Geoffrey Beene (1927 – 2004) was an American fashion designer; born Haynesville, Louisiana. He was a premed student at Tulane University when he found himself sketching gowns when he became bored during his lectures. Along with Bill Blass, he was regarded as the Godfather of American sportswear.
The house he occupied until 1945 at Ashcombe, Wiltshire, near friend Edith Olivier was decorated with limited funds using exaggerated baroque furniture. The walls of the ‘Circus Bedroom’ were painted by visiting artist friends, including Rex Whistler and Oliver Messel, in a kind of Surrealistic overstatement.
Zandra Rhodes is known for her creativity and talent worldwide, and it is images and impressions from all around the world that has so often inspired her art. Images have met her eye and been interpreted through her own very personal vision, boldly pushing their way into the highest levels of fashion, from an aerial view of a Mexican sombrero to the wiggle of the Great Wall of China.
Zandra Rhodes studied lithography and printing at Medway College before going on to the Royal College of Art to study textiles, graduating in 1964 during the height of the pop movement. She made a paper wedding dress that cost less than two shillings, motivated by this trend and the work of painter Roy Lichtenstein in particular (about 7 new pence). In 1967, paper clothing was all the rage: it was the ultimate representation of disposable apparel.
New York Fashion has been a seminal book on the story of American fashion since its hardcover debut in 1989. Caroline Rennolds Milbank chronicles the enormous changes in the fashion world from the early nineteenth century to the late twentieth century and the rise of prominent American designers such as Ralph Lauren, Calvin Klein, and others.
Judith Leiber (1921 – 2018) was a prolific designer whose fanciful minaudières had accessorised royalties, first ladies, and film stars, and entered the collections of art the Metropolitan Museum of Art. While her couture handbags—carried by celebrities such as Greta Garbo, Elizabeth Taylor, Claudette Colbert, Björk, and Barbara Walters—are widely regarded as works of art, Leiber preferred the word “artisan” to “artist.”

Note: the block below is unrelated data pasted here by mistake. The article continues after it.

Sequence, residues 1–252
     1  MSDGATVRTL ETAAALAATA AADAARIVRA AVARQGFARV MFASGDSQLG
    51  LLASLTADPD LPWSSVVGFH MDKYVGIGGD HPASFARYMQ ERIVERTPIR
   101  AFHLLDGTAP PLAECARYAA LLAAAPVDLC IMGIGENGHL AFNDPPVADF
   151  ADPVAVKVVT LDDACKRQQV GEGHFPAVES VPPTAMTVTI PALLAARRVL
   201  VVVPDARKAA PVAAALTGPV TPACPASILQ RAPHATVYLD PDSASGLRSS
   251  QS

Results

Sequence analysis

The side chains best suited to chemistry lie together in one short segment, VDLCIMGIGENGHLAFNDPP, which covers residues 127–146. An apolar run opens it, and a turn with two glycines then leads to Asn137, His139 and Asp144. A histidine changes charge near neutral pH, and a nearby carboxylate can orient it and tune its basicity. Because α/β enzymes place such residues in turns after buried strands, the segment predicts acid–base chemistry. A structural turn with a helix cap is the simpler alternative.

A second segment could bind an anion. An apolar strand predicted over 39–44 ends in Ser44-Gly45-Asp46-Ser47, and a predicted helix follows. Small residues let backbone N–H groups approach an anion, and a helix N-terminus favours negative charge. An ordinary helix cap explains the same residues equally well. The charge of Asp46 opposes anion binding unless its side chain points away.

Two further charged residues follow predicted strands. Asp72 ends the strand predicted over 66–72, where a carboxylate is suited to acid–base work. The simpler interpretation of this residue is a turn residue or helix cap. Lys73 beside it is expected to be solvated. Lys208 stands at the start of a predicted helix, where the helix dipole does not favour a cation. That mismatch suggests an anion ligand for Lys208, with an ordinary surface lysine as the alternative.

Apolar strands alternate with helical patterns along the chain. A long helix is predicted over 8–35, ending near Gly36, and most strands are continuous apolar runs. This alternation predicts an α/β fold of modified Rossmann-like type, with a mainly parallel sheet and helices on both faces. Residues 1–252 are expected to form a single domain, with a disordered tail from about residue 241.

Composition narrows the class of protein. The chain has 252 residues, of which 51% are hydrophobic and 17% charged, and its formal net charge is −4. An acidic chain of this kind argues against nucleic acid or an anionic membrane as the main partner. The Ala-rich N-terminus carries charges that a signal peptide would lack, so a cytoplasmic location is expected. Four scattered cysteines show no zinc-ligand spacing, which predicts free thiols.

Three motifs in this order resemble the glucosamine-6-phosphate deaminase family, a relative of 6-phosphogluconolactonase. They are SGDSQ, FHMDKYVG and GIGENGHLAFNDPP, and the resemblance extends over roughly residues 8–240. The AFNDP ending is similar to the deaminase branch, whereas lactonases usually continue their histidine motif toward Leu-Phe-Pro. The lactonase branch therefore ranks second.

American Fashion is the definitive book on the country’s fashion culture, spanning eight decades and featuring the work of more than 100 designers. American Fashion is a visual journey through classic and fresh photographs by the century’s most outstanding photographers and illustrators, followed by essays defining nearly a century of fascinating culture, commissioned by the Council of Fashion Designers of America (CFDA).
Mary Quant, a pivotal figure in British fashion design, studied art and design at Goldsmiths College of Art from 1952 to 1955 while also taking evening classes in clothing construction and cutting. In 1955, in Knightsbridge, London, she established her first shop Bazaar on King’s Road, followed by the second shop Terence Conran designed in Knightsbridge.
Marimekko, one of the most well-known Finnish textile companies, was founded by Armi and Viljö Ratia in Helsinki in 1951 as the trendy and innovative arm of their parent business, Printex, which they also formed two years earlier. At Printex, Armi Ratia created bold, experimental printed cotton textiles. Still, after this failed to catch the popular imagination, she founded Marimekko.